My Stealing from Africa
It’s one thing to read, watch, or hear about the ransacking of a continent. It’s another to witness it first-hand.
Of course, I can always tell myself that I am there for research, but let’s be honest for one moment here: I am taking from the country, just like others before me. In reporting on the effect of colonialism, I am acting as the Colonist. I take from the country and turn its sufferings into research outputs. The only thing that keeps me from feeling sick about it is that it might change something. It might be helpful to those over there who strive and toil to build something better.
Some day. Maybe… I need to keep writing that report!
I often wonder why we play games rigged against us. Countries listen to Big Organization in setting up a ‘successful system’ that will ‘put them on the map’ of international rankings. Companies pay big money to be recognized as meeting strict quality control principles, even though nothing shows that these measures make a difference, except for the accreditation agencies. I play similar games. I invest in the stock market, because that is where the most ruthless are and make money.
Perhaps rigged games don’t feel rigged from the inside? Certainly, the best ones don’t. When all you’re told is to stay on the board, and when all you see is the board, then the game is the game. it’s the only game. And if you don’t play, you still lose. Or so they would have us believe.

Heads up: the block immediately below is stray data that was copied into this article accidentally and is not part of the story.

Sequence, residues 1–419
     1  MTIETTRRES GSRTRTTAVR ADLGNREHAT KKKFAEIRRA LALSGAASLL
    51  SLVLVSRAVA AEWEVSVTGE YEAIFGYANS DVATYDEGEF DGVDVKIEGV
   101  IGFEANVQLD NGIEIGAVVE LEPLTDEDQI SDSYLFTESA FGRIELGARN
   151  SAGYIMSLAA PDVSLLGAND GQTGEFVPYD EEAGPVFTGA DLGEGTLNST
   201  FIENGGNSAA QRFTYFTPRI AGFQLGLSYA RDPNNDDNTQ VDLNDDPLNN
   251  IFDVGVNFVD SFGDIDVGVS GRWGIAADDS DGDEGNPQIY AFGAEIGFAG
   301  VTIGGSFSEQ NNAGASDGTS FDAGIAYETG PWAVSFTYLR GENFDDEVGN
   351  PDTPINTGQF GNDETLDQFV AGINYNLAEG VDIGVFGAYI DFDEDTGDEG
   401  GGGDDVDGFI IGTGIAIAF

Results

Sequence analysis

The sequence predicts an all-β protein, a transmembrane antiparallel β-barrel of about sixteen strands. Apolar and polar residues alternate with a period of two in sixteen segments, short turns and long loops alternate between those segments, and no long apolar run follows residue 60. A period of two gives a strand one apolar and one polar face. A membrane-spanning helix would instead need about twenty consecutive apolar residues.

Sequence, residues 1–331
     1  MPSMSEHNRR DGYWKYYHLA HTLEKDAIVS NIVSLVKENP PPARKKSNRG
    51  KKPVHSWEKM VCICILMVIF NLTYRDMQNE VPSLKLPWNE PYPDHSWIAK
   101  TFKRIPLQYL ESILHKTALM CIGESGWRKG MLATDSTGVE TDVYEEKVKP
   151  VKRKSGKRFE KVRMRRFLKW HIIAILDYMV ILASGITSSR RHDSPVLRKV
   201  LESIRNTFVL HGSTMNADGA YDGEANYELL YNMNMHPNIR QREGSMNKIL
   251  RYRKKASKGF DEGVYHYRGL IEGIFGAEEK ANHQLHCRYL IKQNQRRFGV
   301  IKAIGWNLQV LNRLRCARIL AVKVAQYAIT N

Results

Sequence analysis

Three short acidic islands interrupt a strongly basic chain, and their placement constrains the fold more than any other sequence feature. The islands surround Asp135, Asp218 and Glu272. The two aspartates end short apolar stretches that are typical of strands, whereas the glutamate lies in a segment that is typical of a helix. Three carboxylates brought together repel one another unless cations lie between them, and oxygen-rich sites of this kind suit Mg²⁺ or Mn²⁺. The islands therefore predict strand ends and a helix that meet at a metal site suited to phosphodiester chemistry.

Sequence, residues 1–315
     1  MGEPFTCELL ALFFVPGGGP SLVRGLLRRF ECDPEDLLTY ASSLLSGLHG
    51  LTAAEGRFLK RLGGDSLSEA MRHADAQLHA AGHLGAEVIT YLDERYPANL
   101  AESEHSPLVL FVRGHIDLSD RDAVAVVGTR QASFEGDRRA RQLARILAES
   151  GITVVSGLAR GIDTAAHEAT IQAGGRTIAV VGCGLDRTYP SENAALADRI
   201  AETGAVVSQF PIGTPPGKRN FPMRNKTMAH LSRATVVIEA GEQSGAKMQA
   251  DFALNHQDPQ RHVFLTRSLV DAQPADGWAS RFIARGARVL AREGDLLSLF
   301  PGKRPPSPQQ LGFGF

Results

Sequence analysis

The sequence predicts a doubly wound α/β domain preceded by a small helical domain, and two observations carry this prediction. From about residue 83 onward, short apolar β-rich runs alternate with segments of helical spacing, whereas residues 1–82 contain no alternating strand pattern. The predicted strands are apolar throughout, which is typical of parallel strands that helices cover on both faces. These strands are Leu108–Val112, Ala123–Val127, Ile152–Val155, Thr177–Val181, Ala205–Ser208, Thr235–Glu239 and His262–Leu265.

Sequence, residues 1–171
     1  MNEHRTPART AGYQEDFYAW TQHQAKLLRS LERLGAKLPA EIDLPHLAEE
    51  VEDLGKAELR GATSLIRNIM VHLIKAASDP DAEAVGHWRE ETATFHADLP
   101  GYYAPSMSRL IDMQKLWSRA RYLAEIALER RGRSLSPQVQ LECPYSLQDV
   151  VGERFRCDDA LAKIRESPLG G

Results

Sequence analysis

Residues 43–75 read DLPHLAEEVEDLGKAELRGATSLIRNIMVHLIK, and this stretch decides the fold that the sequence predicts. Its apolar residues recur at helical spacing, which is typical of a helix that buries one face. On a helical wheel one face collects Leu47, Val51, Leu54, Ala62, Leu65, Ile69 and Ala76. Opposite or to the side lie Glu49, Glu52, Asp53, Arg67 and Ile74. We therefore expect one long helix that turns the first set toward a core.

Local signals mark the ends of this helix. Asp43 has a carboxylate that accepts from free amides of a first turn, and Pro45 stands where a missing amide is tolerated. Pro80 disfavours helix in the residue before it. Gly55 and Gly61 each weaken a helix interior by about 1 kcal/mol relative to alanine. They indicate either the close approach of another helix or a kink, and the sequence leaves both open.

Cote d’Ivoire is independent. On paper. Yet the country is constrained by rules that were put in place by their former masters. France ‘granted’ independence, but in a terrible straight jacket. Money is controlled, exports are controlled, and French companies can take their money and run, once they’ve sucked the land dry. Chocolate, coffee, and many other important crops, are not transformed, they are extracted and transformed elsewhere. Their added-value has no added-value to the country.
It’s the same story in so many places, where nothing forces those who take from the land and from the people to at least reinvest a fair share of their gains. We are told that, otherwise, companies would go and steal from other countries instead of us. We should be thankful. And we are, even though it makes no sense… But what if it was all a lie? What if we did not need the privilege of getting robbed? What if we could do it ourselves and keep the money? This is the classic policy conundrum: should we do it ourselves?
Success according to others’ metrics, others’ rules, only truly serves others. This is true for countries, for organizations, for individuals… Ask yourself, how much of what you do follows rules that do not empower, but enslave rationally?
Can you tell the trip made me angry? The worse is probably that I am expected to come up with recommendations. The White man will grant his wisdom… I am the Colonist. That’s the game for me. No way out.
A note on the images. They are stolen; resources taken, leaving little behind. Taking pictures on the street was described to me by my friends and caretakers as mostly ill-advised, or much worse. So I stole those images from the safety of cars. I sniped them through the window, drive-by shootings of life around the streets in and around Abidjan. Car shooting means high speed motion, weird angles, little time to think, and little time to shoot, yet I hope these portraits serve to convey more than trials, but regular life. Nobility in spite of it all. These images, I hope, will give back to the country more than they have taken away.